August 19, 2017


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World comes to Haiti's rescue

Relief efforts hampered by country's poor roads, airport, seaport

Hey there, time traveller!
This article was published 14/1/2010 (2773 days ago), so information in it may no longer be current.

PORT-AU-PRINCE, Haiti -- Doctors and search dogs, troops and rescue teams flew to this devastated land of dazed, dead and dying people Thursday, finding bottlenecks everywhere, beginning at a main airport short on jet fuel and ramp space and without a control tower.

The international Red Cross estimated 45,000 to 50,000 people were killed in Tuesday's cataclysmic earthquake, based on information from the Haitian Red Cross and government officials. Worries mounted, meanwhile, about food and water for the survivors.

"People have been almost fighting for water," aid worker Fevil Dubien said as he distributed water from a truck in a northern Port-au-Prince neighbourhood.

From Virginia, from China, a handful of rescue teams were able to get down to work, scouring the rubble for survivors. In one "small miracle," searchers pulled a security guard alive from beneath the collapsed concrete floors of the UN peacekeeping headquarters, where many others were entombed.

But the silence of the dead otherwise was overwhelming in a city where uncounted bodies littered the streets in the heat and dust-caked arms and legs reached, frozen and lifeless, from the ruins. Outside the General Hospital morgue, hundreds of collected corpses blanketed the parking lot, as the grief-stricken searched for loved ones. Brazilian UN peacekeepers, key to city security, were trying to organize mass burials. Patience already was wearing thin among the poorest who were waiting for aid, said David Wimhurst, spokesman for the UN peacekeeping mission.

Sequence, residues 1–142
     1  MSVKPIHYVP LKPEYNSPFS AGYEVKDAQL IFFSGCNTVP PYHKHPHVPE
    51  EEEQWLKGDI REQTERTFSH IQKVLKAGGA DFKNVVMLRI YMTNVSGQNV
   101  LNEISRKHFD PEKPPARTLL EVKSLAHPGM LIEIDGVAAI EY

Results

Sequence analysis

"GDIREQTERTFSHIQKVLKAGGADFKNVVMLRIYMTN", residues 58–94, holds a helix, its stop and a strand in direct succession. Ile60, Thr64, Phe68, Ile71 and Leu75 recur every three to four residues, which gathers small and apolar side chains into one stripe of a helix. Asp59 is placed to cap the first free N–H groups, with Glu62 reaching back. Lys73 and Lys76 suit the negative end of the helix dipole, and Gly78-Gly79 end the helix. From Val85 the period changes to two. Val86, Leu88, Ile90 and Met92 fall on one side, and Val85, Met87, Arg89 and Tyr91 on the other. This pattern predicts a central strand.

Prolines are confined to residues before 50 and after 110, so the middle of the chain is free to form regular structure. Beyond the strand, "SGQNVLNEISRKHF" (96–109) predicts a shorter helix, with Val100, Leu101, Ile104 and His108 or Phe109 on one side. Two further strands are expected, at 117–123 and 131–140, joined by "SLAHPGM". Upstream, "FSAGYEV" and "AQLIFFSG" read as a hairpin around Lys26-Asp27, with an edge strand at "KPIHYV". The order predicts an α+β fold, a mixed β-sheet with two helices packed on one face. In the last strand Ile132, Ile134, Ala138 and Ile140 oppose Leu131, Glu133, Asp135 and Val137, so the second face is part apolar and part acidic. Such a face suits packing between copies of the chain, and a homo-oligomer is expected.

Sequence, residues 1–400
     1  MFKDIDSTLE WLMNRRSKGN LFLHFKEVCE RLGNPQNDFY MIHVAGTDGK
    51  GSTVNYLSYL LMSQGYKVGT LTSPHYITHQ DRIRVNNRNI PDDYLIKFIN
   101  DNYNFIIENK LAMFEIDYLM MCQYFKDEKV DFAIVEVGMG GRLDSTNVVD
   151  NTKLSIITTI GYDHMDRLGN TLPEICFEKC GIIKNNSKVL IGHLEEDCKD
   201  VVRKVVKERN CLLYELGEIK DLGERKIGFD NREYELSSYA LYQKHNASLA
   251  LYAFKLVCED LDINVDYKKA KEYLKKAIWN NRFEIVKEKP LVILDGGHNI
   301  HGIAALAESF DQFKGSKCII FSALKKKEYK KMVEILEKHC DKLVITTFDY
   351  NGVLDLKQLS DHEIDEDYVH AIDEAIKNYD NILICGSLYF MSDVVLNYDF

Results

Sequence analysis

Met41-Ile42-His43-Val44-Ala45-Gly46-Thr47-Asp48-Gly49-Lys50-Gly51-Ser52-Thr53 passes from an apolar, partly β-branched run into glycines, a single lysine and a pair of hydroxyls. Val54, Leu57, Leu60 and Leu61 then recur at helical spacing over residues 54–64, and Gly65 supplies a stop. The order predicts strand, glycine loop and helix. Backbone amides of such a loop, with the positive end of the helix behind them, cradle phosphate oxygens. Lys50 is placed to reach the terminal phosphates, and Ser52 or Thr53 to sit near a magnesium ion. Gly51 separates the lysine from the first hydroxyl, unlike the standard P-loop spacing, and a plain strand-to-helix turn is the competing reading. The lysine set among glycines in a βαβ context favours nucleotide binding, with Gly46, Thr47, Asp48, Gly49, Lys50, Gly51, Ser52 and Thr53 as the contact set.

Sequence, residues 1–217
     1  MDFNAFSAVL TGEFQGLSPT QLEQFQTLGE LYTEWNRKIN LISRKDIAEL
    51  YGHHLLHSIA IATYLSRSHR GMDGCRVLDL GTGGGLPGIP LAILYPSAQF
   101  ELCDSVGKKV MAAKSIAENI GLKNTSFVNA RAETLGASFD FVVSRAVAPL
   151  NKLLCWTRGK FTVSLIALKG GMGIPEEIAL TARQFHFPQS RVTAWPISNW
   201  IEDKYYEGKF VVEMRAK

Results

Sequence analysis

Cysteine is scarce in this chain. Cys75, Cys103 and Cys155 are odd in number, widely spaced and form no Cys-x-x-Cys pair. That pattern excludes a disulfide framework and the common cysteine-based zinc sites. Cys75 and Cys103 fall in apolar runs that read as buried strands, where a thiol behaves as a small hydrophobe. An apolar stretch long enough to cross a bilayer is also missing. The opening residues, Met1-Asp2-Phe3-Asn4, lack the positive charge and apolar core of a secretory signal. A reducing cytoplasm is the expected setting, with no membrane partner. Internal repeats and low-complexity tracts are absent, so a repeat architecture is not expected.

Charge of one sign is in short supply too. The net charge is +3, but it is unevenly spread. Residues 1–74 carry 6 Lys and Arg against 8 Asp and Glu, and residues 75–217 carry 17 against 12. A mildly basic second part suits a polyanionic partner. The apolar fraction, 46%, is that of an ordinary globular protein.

"Unfortunately, they're slowly getting more angry and impatient, because when they see us moving -- and we're patrolling the streets, the military and the police are out patrolling the streets in order to maintain a calm situation, so that humanitarian aid can be delivered," he said.

More than 50 Canadians who somehow made their way to the Port-au-Prince airport despite the chaos and destruction boarded a military plane headed for Montreal by way of Florida on Thursday.

Many of them had little more than the clothes on their back. They were the second group of Canadian evacuees from the Caribbean country. At least five of them were injured but thought to be in stable condition.

Meanwhile, Canada began an aid-and-rescue campaign by air, sea and land, sending in tons of supplies.

A C-130 transport and a huge C-17 touched down in Port-au-Prince carrying a helicopter, emergency supplies and the first members of the military's Disaster Assistance Response Team (DART.)

In Halifax, a pair of Canadian warships set sail for Haiti, loaded with everything from a helicopter to chainsaws, medical supplies, construction materials and water purification tablets.

The humanitarian effort kicked off amid the sobering news that at least four Canadians died in Tuesday's massive quake, four are missing -- and that more casualties are expected.